Ten years on from the rise of social media, we are still in uncharted waters over its use. Can religion and faith be a guide on how to use social media?…
Why does a twenty-something, with a brand new job at one of the world’s most prestigious publications, break down when he gets home? In fits of tears, jittery at best, angry at worst. This was what I was feeling in the autumn of 2015 – too tired to enjoy my weekends yet wishing I could escape the drudgery. The reason was simple: from 10am to 6pm everyday, Monday to Friday, I was juggling Twitter, Facebook, Linkedin and LINE. Pumping out tweets and posts. Once work has ceased for the day, I’d jump on social media to again scroll for anything and everything, filling silence. I was reacting. Reactive by day, reacting by night. Even when I had not needed to be, reacting became solidified in what was supposed to be time to wind down.
It was precisely this scenario that led me to what may seem an unreasonable spring time 2016 (nothing ever works in the new year) resolution: limit Facebook posts to a maximum of 12 for the year, averaging one a month. How could I do that when I’d been posting everything about my life every couple of hours since Zuckerberg gave birth to his tech-baby? Facebook can be seen through two groups; those that post every day (or indeed multiple times a day), and the silence ones – you know they’re there but no semblance of activity whatsoever. And never the twain shall they meet in the middle. Or so I thought.
Come December 2016, mission accomplished. Between March and January 2016, exactly twelve posts – the same total as three months previous. So, why does this matter? Social media is ephemeral and we should treat it as such, right?
Let me be clear, pulling away from Facebook, or any other platform, is not the same as abstaining. Pulling away ensures that when you do return to the fold, writing becomes crisper enriching thoughtful posts. Giving voice to our inner thoughts requires clarity. The need to step away is not only urgent, it is a basic human need. In a world valuing the reactive, stepping away is best practice. Opportunism turns to addiction. Celebrity trolls are at the most extreme end of a culture that rewards addiction. Whilst many of us won’t go as far, it’s the little things that add up.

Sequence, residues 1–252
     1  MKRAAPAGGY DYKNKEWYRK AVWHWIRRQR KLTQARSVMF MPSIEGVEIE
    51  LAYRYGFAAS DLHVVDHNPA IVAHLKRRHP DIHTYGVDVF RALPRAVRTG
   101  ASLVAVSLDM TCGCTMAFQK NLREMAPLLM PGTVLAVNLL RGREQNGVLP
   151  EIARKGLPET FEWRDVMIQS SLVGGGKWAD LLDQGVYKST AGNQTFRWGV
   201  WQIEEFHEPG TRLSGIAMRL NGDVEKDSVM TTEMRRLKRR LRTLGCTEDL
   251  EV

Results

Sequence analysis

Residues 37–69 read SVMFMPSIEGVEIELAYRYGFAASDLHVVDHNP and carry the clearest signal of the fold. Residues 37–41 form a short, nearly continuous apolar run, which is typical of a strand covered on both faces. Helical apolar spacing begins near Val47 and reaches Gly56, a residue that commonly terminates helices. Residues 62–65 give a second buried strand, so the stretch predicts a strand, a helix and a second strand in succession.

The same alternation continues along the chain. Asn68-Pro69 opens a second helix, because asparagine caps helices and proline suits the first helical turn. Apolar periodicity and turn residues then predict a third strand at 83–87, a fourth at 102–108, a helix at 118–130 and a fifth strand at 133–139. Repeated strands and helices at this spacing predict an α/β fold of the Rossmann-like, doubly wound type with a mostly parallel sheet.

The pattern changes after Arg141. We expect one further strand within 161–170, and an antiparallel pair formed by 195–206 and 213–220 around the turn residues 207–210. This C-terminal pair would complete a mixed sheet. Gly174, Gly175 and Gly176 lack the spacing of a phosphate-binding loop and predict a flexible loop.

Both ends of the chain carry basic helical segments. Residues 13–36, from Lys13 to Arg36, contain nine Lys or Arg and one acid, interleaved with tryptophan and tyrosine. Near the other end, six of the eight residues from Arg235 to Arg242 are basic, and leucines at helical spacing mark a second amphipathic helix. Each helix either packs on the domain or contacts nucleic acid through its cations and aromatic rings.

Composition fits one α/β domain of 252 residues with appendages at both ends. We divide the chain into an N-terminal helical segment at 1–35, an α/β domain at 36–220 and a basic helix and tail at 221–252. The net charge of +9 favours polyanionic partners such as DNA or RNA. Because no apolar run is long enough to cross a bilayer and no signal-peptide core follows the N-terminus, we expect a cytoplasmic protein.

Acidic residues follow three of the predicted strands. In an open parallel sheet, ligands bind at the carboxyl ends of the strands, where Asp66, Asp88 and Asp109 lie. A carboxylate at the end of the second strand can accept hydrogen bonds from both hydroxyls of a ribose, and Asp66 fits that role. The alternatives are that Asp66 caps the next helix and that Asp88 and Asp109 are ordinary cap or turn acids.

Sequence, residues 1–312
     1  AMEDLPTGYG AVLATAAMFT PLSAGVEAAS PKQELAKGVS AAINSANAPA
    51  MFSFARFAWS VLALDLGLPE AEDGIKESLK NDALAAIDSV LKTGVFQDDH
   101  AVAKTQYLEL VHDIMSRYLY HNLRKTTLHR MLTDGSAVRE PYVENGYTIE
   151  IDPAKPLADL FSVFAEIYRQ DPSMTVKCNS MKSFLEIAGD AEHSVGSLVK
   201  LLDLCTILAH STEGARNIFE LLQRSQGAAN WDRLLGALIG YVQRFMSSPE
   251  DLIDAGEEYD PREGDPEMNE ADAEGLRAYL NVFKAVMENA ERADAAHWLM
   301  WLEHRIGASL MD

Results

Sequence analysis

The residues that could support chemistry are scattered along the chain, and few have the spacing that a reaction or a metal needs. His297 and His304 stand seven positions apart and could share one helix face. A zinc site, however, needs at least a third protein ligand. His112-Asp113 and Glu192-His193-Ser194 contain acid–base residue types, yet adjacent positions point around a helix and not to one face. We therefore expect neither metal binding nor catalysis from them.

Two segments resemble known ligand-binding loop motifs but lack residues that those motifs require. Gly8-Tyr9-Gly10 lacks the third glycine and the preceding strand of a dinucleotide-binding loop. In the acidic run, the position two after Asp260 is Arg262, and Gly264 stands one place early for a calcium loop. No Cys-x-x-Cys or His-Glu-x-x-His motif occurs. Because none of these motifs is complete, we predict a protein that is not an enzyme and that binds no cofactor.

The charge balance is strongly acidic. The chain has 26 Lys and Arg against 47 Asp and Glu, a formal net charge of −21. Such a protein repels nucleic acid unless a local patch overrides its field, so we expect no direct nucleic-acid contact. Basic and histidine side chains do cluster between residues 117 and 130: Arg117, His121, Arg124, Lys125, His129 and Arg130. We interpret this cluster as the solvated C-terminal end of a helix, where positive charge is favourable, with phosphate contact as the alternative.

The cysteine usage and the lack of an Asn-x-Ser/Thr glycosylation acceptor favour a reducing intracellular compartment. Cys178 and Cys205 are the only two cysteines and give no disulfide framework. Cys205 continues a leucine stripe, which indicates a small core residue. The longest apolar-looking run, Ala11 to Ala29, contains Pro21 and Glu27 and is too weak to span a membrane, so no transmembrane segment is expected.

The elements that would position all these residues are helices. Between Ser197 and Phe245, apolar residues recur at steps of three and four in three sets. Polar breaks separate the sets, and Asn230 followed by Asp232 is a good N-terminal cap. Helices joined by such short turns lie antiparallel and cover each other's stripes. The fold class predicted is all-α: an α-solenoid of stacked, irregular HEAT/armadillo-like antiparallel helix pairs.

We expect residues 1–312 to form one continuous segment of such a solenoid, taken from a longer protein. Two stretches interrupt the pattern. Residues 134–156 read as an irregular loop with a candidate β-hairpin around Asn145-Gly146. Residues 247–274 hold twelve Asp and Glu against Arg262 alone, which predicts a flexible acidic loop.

Social media can be a powerful tool not just for societal change. It can also be a chance of giving your own personal thoughts an inner monologue shape and frame. Indeed, the two are not in opposition. Daily chatter may seem like your needs are being fulfilled. By stepping away and posting only the important things that matter, I only give way to an unrushed, deeper approach to a transient medium. It’s not a holy-than-thou sermon. It’s just a way of enriching every single second I have on this planet.
My faith, consciously or unconsciously, plays a role in stepping back on social. It may even inform your actions. If Islam has a synonym, it would be moderation. Finding harmony in the everyday – enjoying life, it’s pleasures, taking part in a myriad of discourse, all without excess. A hadith (prophetic saying) goes by the words “speak a good word or remain silent”. The Qu’ran equally informs us of the importance of moderation:
“No good is there in much of their private conversation, except for those who enjoin charity or that which is right, or bring reconciliation between people. And whoever does that seeking Allah’s pleasure, then we shall grant him a great reward.” [ Sûrah al-Nisâ’ : 114]
As a hyper-sensitive person – not of words, but in the physical, insomnia wracked sense, the change in light or loud music making me anxious type – the reward is calm serenity, in the here and now. Reducing the heart pumps, the clenched fist, the edginess. An intake of breath. Right now, I feel free without the feeling of scratching social media itch. Harmony is control.
Life is made up of small gestures. Call it a ripple effect if you will. A coin may be tiny, but it’s drop will be felt in the ocean long after it was thrown. The same metaphor should be for the tiniest of our actions. A 2015 study by Deloitte claimed the average person checks their phone 46 times per day. Some 23 days of the year are lost simply to the mere act of checking. I’m sure its more – I know I am prone to checking my phone every 2-5 minutes at worst. Most of the time, we are checking on nothing, but waiting for a notification. It may seem innocuous, but it all adds up in the shape of reliance, and as a consequence, our mental health. That, surely, is more important than anything.
As Elvis once said, a little less conversation, a little more action. So, today, give your hands and mind more rest than you do. And tomorrow. And the day after. Yes, keep in tune to the news, dip into conversations – but don’t ignore your environment and most of all, yourself. Less clenching your hands and more looking within. Limits are a measure of proactivity rather than reactive. Harmonious thoughts will flow, clarity comes. With it, you may just find ideas for a book, a project, or feel at one with yourself. That feeling is truth; truth is beauty, and beauty is truth, as Keats said. This little blog post only came about thanks to cutting back on the digital and realigning with my environment. I feel the tingles in my palms, my fingers, and now I’m floating, as I take in London sunshine. Heck, this calls for a Facebook post…